Animal Aid breaks the gender pattern of the top person as it is directed by Iain Green (but he got this role recently, and before the director was Isobel Hutchinson). However, its current General Manager is Carole Backer, its Head of Campaigns is Jessamy Korotonga, and its Head of Merchandise is Sophie Clements. They publish a magazine called Outrage, and behind its cover, you can find a list of 38 people (staff, council, and patrons), 22 of which with female-sounding names (W ratio of about 3/5). 

Looking at all this, I must conclude that most of the biggest and better-known animal rights organisations of the West are led by people identified as women.    

Are Most Vegan Campaigning Organisations Led by Women?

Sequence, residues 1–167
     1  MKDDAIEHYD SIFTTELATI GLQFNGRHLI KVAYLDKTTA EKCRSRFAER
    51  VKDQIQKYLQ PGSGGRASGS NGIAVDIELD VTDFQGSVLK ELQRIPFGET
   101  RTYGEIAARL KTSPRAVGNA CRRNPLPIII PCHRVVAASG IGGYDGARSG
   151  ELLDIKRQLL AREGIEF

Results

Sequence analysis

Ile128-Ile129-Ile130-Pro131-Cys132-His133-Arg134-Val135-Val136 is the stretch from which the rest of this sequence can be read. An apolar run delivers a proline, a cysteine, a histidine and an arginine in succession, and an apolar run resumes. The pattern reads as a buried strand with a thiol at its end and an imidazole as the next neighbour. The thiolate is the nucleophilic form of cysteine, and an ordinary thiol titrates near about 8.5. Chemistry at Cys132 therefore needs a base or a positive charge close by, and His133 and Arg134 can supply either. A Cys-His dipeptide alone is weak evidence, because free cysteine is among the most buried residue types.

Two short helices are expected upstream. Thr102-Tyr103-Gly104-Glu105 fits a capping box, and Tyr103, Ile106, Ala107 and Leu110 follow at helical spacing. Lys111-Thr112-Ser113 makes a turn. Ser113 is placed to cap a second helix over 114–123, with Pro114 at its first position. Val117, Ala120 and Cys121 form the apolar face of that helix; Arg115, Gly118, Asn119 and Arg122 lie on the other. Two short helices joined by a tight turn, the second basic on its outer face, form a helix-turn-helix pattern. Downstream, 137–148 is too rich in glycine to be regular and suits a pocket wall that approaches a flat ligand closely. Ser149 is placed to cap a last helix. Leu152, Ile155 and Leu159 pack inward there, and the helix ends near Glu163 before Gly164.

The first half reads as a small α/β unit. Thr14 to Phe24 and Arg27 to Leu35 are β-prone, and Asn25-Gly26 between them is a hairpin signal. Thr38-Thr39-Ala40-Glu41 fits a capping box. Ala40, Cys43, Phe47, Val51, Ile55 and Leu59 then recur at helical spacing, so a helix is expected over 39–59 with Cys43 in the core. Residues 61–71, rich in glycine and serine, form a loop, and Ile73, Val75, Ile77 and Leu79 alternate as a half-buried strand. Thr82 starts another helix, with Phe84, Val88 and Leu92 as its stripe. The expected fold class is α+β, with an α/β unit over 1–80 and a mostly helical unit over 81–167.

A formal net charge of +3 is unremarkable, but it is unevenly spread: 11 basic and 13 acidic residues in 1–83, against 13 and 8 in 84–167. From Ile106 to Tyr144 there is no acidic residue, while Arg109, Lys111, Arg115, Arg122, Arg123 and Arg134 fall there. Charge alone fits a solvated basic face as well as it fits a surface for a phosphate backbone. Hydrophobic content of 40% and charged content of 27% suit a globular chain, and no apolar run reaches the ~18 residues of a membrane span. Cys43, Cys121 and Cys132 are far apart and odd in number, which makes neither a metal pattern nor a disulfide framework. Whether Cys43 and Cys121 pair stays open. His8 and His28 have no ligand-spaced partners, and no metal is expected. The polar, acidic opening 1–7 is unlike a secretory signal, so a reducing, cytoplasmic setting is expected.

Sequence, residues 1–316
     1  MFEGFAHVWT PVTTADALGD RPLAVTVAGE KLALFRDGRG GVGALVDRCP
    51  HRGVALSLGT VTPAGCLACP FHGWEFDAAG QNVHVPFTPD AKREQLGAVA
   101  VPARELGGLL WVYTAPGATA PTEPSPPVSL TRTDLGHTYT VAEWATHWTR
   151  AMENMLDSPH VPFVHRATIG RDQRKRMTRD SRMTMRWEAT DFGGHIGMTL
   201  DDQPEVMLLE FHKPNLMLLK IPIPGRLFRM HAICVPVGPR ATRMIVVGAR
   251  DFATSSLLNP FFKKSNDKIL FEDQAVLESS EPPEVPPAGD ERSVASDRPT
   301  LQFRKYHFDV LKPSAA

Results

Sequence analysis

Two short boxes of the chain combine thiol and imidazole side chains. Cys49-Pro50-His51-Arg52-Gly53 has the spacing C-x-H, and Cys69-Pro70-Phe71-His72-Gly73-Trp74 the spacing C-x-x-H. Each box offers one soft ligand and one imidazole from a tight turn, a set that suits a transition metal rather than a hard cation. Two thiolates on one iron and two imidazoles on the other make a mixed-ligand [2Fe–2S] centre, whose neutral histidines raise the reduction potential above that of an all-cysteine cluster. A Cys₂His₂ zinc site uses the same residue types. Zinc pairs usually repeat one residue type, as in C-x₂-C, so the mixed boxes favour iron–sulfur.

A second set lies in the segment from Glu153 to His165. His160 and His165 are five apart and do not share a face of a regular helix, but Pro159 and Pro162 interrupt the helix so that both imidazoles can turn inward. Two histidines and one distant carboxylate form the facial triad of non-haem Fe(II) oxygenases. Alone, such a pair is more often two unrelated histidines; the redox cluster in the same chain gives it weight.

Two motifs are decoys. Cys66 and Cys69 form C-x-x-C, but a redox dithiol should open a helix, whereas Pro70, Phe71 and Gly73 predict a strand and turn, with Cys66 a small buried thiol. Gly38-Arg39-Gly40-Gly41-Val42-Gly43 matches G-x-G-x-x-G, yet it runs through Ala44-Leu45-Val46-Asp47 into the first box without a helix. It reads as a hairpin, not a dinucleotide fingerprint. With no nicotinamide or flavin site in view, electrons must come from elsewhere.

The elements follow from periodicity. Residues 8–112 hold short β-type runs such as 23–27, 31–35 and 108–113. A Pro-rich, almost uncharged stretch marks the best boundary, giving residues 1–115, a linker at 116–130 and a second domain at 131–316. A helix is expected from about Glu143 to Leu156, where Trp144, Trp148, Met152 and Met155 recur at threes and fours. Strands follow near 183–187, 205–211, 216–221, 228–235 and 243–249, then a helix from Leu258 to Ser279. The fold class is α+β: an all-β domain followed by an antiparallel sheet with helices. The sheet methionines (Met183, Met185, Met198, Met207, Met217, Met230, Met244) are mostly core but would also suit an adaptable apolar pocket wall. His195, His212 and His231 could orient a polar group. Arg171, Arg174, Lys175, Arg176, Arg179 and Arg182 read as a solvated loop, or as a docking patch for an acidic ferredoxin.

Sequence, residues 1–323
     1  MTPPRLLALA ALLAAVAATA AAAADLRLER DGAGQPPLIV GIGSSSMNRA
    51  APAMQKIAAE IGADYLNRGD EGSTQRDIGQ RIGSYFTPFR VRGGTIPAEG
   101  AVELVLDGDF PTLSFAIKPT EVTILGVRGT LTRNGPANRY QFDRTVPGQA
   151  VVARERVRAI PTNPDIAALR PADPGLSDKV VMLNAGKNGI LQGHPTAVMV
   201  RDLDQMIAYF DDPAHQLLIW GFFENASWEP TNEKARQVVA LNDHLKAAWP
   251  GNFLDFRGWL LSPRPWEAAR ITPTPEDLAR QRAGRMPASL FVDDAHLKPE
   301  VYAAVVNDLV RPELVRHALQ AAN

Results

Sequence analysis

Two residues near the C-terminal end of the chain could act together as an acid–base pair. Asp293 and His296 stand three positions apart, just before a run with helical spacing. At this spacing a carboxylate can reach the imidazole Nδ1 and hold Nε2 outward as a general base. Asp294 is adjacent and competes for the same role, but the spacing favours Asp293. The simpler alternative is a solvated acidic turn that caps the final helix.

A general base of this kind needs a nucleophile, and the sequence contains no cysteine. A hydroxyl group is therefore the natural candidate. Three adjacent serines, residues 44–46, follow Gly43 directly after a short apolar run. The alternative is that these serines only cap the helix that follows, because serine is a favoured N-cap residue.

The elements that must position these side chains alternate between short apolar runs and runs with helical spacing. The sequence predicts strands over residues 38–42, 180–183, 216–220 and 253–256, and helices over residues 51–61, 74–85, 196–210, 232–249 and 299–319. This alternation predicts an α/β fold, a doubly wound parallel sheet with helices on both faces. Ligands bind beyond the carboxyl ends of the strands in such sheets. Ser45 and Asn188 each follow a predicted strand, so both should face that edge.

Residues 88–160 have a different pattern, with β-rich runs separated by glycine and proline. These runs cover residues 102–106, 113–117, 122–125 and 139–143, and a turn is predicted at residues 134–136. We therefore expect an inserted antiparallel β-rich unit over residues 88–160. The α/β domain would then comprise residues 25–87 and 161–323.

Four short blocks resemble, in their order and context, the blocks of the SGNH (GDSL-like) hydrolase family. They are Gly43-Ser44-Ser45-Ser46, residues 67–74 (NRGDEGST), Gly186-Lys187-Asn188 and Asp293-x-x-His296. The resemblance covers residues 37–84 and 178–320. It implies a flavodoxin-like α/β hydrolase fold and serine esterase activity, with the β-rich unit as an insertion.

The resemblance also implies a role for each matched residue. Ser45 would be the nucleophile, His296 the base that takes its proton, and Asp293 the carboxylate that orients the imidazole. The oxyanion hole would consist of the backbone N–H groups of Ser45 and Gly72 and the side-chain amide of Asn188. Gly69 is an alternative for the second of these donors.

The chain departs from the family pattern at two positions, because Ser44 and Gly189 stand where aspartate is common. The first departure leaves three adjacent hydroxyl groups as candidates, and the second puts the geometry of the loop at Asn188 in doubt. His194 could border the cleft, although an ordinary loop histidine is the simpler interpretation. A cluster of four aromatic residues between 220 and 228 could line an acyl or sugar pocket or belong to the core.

Photo By oleschwander via Shutterstock (Royalty-free stock photo ID: 1171418536)

In addition to animal rights organisations, we have the vegan organisations that are not animal protection organisations as such, but which promote veganism. In the UK we have Veganuray and the Vegan Society. The CEO of Veganuary is Ria Rehberg, followed by Dr Toni Vernelli as International Head of Communications & Marketing, Ciara Ni Loingsigh as Chief Operations Officer and Wendy Matthews as the US Director. Only the directors of Germany and Latin America seem to be the only members of the Senior Management Team who do not identify as women (W ratio of about 2/3).